Faces of Comedy

by Karen Shaw


Photo: John Culshaw as Les Dawson

From Steve Martin to Rowan Atkinson and from Kevin Bridges to Johnny Vegas, northern photographer Andy Hollingworth has snapped some of Britain’s most iconic comedians, creating snapshots that capture the comics who have filled our households with laughter for decades. Not bad for a lad who began his successful career photographing stray dogs. I caught up with Andy to chat about the man behind the lens and his latest exhibition at Blackpool’s brand-new Showtown Museum with his exhibition, ‘I Photograph Comedians.’ This exhibition offers a rare glimpse into the lives of these comedians, showcasing them in a different light.

Showtown, Blackpool’s first-ever museum, has created an all-singing, all-dancing museum right next to the iconic Blackpool Tower, celebrating comedians, dancers, acrobats, and entertainers. Naturally, it was the perfect home for Andy’s images. “It’s been five years in the making,” he reveals.

“The exhibition is a dynamic showcase, featuring comedy greats who have entertained us for decades…”

“I met the team behind it about seven years ago,” Andy recalls with a smile. “We were at the Victoria and Albert Museum, and I was there photographing Ronnie Barker’s glasses! We got chatting over lunch, and they shared their plans for a new museum.”

The exhibition is a dynamic showcase featuring comedy greats who have entertained us for decades alongside portraits of today’s comedy stars. “I always like to keep things current,” Andy explains. “So, I’m still shooting for the exhibition. I photographed someone yesterday, another last week, and I’ll be shooting right up until the deadline!”

Steve Royal

Beyond traditional photographs, the exhibition is a treasure trove of unique items. It includes handmade Polaroid lifts of comedians like Paul Whitehouse and Shobna Gulati, as well as photos of iconic artefacts like Tommy Cooper’s fez.

“Over the last decade, even though I love taking pictures of people, I’ve developed a deep passion for photographing items that belong to comedians,” Andy shares. “I’ve captured five of Tommy Cooper’s fezzes, Charlie Chaplin’s cane, Harpo’s harp, and much more! These artefacts hold not just historical value, but also a personal connection to the comedians, making them truly special.”

Andy loves to evoke nostalgia by posting pictures of old comedy tickets on Twitter. “I’ve photographed 23,000 comedy tickets; many were lent or gifted to me. Some date back to 1890! I have tickets for the Lumière Brothers, Chaplin, Eaton, Laurel and Hardy, all the way to Steptoe and Son recording tickets and Monty Python in the 60s.”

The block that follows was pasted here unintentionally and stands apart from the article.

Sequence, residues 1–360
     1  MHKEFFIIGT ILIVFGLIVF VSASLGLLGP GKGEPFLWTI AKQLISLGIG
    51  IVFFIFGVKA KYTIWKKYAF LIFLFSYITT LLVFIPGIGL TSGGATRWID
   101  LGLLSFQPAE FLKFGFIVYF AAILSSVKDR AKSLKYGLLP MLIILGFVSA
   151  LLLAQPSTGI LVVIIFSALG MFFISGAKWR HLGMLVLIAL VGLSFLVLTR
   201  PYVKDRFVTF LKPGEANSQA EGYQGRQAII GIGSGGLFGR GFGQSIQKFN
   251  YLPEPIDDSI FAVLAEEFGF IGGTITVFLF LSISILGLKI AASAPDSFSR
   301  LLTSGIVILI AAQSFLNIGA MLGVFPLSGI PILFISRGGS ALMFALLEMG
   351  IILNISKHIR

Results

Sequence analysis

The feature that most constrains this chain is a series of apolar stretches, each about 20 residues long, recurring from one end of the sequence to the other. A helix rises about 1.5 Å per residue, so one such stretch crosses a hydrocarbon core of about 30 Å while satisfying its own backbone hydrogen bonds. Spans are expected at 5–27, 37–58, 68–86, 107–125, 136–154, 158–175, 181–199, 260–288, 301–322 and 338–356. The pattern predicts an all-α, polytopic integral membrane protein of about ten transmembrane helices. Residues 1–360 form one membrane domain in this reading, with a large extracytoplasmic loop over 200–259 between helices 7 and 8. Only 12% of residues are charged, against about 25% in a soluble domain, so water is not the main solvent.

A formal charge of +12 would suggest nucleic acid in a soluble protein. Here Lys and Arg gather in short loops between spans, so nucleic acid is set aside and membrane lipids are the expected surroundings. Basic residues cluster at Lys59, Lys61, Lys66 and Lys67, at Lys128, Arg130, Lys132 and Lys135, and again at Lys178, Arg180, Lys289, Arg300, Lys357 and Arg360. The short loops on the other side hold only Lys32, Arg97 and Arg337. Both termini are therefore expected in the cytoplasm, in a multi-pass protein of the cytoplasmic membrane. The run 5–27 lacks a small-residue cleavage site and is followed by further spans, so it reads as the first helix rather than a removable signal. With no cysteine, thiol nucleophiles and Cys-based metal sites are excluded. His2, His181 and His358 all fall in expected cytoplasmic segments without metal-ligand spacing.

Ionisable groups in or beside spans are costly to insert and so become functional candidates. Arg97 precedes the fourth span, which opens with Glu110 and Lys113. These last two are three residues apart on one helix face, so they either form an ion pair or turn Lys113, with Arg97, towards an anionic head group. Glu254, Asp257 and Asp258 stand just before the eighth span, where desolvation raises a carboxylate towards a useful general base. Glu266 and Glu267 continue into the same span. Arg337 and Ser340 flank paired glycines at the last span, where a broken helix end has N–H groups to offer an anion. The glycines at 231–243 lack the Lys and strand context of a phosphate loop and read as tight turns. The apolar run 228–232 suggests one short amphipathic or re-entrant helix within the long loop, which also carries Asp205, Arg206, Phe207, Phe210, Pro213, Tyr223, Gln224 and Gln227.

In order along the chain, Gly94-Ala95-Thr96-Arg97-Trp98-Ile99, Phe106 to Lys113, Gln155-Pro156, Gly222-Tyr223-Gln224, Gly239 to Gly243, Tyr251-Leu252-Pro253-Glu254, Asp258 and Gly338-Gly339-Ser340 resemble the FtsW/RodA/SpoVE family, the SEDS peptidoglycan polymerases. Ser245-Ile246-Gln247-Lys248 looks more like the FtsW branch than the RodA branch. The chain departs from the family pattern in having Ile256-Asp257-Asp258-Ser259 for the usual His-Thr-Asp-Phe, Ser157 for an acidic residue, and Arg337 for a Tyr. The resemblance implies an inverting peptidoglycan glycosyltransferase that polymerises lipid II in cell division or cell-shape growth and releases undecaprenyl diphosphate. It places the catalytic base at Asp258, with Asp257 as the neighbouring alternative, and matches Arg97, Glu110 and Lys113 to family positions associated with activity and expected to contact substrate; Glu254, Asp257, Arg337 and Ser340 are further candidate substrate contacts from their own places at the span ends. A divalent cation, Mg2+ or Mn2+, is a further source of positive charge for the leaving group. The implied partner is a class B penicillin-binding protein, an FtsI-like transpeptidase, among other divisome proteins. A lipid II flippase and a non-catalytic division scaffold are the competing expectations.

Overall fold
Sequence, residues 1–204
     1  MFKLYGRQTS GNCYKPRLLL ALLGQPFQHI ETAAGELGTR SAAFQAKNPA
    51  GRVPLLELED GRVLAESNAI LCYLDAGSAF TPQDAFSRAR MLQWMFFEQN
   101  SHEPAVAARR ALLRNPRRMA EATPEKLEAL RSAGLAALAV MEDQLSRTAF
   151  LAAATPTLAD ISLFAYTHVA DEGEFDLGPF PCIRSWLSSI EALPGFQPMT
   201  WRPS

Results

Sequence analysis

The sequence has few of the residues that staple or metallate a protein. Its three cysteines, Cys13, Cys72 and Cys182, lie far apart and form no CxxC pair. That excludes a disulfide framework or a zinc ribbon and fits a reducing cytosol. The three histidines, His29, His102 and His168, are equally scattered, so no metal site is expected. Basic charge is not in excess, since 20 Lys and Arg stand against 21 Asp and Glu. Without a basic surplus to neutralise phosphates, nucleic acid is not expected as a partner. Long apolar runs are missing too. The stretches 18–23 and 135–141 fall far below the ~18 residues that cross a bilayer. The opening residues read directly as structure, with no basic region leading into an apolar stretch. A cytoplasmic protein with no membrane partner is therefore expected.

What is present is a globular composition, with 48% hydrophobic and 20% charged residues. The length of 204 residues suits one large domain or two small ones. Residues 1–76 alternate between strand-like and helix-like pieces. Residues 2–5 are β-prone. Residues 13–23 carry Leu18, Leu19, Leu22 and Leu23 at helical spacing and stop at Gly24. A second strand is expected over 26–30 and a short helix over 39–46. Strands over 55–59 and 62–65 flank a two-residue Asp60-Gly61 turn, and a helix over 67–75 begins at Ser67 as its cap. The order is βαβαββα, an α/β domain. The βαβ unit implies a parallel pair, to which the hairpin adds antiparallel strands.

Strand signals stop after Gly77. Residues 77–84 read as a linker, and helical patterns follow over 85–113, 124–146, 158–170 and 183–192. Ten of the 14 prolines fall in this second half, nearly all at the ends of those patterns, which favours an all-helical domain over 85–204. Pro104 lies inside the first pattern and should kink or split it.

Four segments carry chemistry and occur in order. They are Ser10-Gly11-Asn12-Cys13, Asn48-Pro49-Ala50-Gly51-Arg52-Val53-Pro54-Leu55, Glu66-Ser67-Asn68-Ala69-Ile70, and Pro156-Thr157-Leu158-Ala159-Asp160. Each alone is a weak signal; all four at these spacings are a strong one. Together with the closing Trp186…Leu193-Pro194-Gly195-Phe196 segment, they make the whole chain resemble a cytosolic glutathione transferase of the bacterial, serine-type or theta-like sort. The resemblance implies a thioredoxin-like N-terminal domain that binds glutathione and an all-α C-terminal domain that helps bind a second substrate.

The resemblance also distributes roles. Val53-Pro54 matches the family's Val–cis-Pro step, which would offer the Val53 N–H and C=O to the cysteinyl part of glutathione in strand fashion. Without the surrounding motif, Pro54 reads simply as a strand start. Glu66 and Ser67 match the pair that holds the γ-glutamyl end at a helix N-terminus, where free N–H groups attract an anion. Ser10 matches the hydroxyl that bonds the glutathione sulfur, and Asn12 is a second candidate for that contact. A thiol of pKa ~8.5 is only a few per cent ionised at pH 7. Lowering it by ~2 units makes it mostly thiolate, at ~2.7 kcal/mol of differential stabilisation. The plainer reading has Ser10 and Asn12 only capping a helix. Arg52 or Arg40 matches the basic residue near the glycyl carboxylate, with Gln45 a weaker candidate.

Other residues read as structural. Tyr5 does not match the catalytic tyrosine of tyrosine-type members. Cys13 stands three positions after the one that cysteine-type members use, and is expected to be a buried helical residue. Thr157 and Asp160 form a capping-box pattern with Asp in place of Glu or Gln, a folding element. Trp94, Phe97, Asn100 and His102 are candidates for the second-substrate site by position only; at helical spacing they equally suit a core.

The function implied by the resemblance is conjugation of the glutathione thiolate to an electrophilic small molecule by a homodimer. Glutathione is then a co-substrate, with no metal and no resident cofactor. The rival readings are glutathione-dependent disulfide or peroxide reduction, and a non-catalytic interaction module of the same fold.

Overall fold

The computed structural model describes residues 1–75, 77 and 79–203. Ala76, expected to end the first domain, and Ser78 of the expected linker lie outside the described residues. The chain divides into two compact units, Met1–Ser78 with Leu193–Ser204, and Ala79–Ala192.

His joy in photographing these items led to a theatre, where the Blankety Blank star’s wife Tracy allowed Andy to photograph his rings, watch and even his teenage diaries. Les passed away in the early nineties, so for the exhibition, Dead Ringers star Jon Culshaw stood in to portray the comedian. “Everything about how he portrayed him was absolutely spot on,” Andy smiles.

Sarah Millican

One comedian who holds a special place in Andy’s heart is Charlie Williams, one of Britain’s first well-known black stand-up comics and a trailblazer in professional football.

“I went to meet Charlie just to shake his hand and say thank you. My most vivid childhood memory is my grandad John sitting in his chair laughing at Charlie’s jokes on TV. My mum says I used to sit on the stool at my grandma’s and stare, not at Charlie, but at my granddad because, in my eyes, he very rarely laughed. I took Charlie’s picture as a souvenir. Years later, at the 25th anniversary of The Comedians, he remembered me and said, ‘Hey, lad, I thought you were dead!’” Andy chuckles.

“I think he was genuinely amazing. He broke so much new ground. He was one of the first black professional footballers. He was the first black man on TV, I believe, to front a game show, not to mention all his work in The Comedians. He knew exactly the world that he lived in, and he played it brilliantly to his advantage, and he was such a lovely man!”

Capturing Rowan Atkinson, the man behind Mr Bean and Blackadder, was Andy’s dream come true. “I have contacted him several times to photograph him, but he never responded. Then, while working on the QI Annual for John Lloyd, I did a session with Bill Bailey. “At the end, John said, ‘I’ve got somebody else that I need photographing. Would you be interested?’ I agreed, and just as John was leaving, I said, ‘Oh, John, who is it, by the way?’ He turned around and said, “It’s Rowan.” And then he walked out the door! It was a big deal for me—a really big deal.”

Another big deal for Andy was photographing the icon, Steve Martin. “You often find that the more famous the person, the more delightful. He’s the kind of person who would walk into a room and go, ‘Hello, I’m Steve’. In your head, you’re thinking, yeah, everybody on the planet knows that. But the amount of dignity and respect, you know, that’s such a lovely thing to say. There’s no presumption, and immediately, you think, oh, you’re smashing!”